Alcohol vs. Non-alcohol-based Hand Sanitizers
BY CleanLink Editorial Staff
In this article, industry manufacturers answer common questions asked by building service contractors.
What are quat-based hand sanitizers? How do they work?
Quat-based hand sanitizers are made with quaternary surfactants that destroy the cell integrity of bacteria and germs.
Quat-based sanitizers have additives to increase their antimicrobial effectiveness.
Quats are Quaternary Ammonium Compounds (QUATS) and the more common ones used are benzethoniumchloride (BEC) or benzalkoniumchloride (BZK). QUATS are typically found in hard surface type sanitizing applications ‚Äì inanimate, nonliving surfaces. This versus alcohol which is used in sanitizing applications on living tissue, i.e. skin.
Studies have shown that QUATS are more irritating to the skin and they are not good for the environment. Further to this, the FDA has not approved the use of QUATS as a leave on application; they must be rinsed off. In recent years, the FDA has been enforcing its rulings requiring companies who manufacture QUAT based products to remove or change claims that market the product as a leave on hand sanitizer.
QUATS work by breaking down the cell walls and ultimately killing the germ, thus contact time is important to ensure kill. Alcohol (at the FDA recommended level of at least 60 percent) kills germs on contact which usually means within the 15 seconds that it was tested to. Currently, the FDA guidelines state that hand sanitizers must contain at least 60 percent ethyl alcohol and BSCs should look for this on the label as a standard. And, as of this date, the FDA has not approved non-alcohol based hand sanitizers for use as leave-on products; again, they must be rinsed off.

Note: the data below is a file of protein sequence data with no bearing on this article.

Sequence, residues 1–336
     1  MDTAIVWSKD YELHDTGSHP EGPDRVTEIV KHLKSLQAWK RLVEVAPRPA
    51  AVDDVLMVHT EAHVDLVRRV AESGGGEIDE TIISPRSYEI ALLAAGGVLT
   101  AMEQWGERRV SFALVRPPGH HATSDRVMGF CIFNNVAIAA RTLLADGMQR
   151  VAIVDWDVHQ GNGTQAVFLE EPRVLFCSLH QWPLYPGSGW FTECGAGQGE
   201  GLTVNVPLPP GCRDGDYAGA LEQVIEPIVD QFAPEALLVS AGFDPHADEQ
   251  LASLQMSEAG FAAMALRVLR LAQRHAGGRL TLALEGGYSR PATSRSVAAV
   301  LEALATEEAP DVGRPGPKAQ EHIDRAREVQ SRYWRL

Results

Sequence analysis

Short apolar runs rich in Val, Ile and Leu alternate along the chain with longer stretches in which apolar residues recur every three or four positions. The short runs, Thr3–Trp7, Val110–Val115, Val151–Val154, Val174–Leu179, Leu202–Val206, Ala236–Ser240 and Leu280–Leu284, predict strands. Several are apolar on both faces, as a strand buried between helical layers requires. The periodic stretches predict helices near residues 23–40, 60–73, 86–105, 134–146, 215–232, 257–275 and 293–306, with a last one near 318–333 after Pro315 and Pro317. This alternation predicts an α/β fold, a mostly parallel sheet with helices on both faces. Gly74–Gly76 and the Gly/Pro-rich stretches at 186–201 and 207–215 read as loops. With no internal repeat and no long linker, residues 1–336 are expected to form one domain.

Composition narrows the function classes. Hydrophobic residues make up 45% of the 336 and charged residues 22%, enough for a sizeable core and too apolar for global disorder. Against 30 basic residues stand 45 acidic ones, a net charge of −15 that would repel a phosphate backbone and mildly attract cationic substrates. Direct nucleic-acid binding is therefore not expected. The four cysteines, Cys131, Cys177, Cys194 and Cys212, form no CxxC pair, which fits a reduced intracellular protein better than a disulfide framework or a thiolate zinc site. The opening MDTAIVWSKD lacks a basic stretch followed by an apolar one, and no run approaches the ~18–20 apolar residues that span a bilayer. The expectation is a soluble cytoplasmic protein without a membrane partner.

Do non-alcohol-based hand sanitizers, such as quat-based sanitizers, have benefits over alcohol-based products? Any facilities I should or should not use quat-based sanitizers?
Yes, quat-based hand sanitizers are not flammable, do not sting on cuts and chapped hands and have a pleasant scent versus alcohol based sanitizers. Schools and prisons are ideal for quat-based sanitizers, where the dangers of alcohol based products may be a concern.— Dan Renner, Director of Marketing, Kutol Products Co., Sharonville, Ohio
Quat-based products have a greater risk of causing contact allergies and can leave a sticky residue on skin. Additionally, these sanitizers can become more easily contaminated. Depending on the percentage of Ethyl Alcohol in the product, alcohol-based sanitizers have have been proven to kill 99.99 percent or more of (bacteria) micro-organisms.
— Katharina Versluis, Marketing Manager, Gent-l-kleen Products Inc., York, Pa.
Because the FDA has not approved QUATS as a leave on product, together with issues of less desirable skin compatibility and environmental friendliness, we do not recommend sanitizers that contain these ingredients.
— Lori Huffman, Head of Marketing, North America, STOKO An Evonik Brand, Greensboro, N.C.
POSTED ON: 2/19/2013